Communities reap the benefits from new, improved cassava varieties. Validated RNRRS Output.


This is one of 280 summaries describing key outputs from the projects run by DFID's 10-year Renewable Natural Resources Research Strategy (RNRRS) programmes.

Summary for Project title: R8404: Promotion of control measures for cassava brown streak disease.
Locally adapted cassava varieties with resistance to cassava brown streak disease (CBSD) are promoting improved food security and livelihoods in Malawi, Mozambique, Tanzania and Uganda. Specially designed seed systems are being used to produce disease-free planting material for wide distribution. An information campaign, using radio, leaflets and posters, is helping to get the word out. The CBSD-resistant varieties are used by smallholders in semi-arid and coastal fishing communities that supply fresh cassava to urban areas. They are also used for processing to make cassava flour. Previously, CBSD damage resulted in poor yields and root quality. Over five years the improved materials have reached more than 1 million people in eastern and southern Africa, and their use is still spreading.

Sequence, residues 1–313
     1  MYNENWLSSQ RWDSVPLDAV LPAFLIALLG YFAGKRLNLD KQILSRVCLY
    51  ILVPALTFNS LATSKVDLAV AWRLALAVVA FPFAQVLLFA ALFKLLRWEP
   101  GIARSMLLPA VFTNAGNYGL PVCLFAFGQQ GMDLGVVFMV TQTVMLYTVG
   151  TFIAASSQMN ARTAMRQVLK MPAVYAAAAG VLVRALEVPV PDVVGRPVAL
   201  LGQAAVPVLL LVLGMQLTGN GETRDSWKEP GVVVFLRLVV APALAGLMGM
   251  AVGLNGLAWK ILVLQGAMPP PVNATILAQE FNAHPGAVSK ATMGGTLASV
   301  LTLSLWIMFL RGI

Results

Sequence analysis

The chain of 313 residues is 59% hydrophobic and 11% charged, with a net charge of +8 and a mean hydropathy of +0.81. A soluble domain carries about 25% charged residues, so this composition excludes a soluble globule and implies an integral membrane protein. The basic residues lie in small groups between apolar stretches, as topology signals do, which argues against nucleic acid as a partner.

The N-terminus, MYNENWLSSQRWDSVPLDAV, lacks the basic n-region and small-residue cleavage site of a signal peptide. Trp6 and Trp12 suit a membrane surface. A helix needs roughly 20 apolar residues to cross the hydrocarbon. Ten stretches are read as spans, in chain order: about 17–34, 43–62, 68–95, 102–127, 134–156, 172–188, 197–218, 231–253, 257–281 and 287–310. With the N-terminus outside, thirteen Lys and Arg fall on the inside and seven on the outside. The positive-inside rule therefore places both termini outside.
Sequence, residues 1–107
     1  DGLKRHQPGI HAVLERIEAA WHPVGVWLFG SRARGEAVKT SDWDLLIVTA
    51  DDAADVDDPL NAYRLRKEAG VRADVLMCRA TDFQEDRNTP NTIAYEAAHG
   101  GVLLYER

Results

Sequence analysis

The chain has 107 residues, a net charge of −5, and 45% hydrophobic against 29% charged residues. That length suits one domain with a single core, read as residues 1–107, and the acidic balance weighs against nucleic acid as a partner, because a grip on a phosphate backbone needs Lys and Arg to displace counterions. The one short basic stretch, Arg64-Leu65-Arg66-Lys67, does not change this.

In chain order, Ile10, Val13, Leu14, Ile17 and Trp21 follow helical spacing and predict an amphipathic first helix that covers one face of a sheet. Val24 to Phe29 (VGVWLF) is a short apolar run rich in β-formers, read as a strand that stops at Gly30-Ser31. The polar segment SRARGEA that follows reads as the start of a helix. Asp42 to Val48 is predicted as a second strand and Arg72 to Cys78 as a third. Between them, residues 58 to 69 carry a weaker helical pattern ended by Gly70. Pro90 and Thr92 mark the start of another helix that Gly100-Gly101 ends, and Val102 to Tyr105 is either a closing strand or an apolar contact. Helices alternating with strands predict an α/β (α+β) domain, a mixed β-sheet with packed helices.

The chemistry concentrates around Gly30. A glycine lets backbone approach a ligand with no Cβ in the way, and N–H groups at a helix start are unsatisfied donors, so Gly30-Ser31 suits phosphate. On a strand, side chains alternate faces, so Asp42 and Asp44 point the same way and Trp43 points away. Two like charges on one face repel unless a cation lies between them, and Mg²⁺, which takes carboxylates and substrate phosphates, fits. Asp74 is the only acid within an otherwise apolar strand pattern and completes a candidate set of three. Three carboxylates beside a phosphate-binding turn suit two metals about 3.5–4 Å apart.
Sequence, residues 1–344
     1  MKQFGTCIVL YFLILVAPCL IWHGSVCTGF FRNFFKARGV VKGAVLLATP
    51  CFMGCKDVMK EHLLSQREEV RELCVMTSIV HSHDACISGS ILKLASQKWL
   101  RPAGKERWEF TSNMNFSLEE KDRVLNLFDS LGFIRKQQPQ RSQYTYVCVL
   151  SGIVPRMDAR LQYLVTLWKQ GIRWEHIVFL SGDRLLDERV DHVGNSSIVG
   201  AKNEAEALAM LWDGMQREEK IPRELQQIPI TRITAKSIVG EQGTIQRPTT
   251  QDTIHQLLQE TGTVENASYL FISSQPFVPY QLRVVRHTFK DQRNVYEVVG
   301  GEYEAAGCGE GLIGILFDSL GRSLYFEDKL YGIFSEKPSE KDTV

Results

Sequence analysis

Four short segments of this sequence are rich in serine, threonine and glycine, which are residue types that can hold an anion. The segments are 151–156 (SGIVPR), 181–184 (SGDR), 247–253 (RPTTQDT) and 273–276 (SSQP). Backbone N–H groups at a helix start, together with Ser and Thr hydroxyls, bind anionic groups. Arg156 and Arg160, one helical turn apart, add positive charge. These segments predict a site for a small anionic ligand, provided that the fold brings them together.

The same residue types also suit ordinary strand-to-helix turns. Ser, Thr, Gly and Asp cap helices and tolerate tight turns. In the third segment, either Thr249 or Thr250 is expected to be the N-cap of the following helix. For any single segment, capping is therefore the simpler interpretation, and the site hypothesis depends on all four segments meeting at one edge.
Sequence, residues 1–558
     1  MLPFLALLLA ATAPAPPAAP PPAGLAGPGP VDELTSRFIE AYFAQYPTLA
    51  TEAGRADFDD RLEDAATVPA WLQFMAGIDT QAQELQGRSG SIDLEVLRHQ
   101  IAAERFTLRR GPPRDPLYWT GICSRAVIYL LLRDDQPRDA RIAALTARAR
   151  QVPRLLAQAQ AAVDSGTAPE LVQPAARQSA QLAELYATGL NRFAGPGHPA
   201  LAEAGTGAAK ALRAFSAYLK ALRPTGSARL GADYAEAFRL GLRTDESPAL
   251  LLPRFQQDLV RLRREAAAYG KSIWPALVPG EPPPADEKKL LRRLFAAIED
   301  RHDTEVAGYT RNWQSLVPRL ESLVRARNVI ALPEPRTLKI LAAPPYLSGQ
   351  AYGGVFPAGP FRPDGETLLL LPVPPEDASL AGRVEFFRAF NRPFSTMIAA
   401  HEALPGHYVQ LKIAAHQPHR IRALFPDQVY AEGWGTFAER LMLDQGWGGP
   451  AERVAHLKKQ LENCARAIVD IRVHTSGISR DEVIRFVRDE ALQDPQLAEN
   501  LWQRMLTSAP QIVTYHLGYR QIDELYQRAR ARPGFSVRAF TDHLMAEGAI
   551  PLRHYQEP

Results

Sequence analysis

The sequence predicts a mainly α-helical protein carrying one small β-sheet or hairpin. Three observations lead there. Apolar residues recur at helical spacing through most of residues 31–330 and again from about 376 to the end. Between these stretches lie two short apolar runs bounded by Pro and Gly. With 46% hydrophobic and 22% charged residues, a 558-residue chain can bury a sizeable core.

The CD has the following information for this output: Description, Validation, Current Situation, Environmental Impact. Attached PDF (9 pp.) taken from the CD.


CPP22, New technologies, new processes, new policies: tried-and-tested and ready-to-use results from DFID-funded research, Research Into Use Programme, Aylesford, Kent, UK, ISBN 978-0-9552595-6-2, p 4.

Published 1 January 2007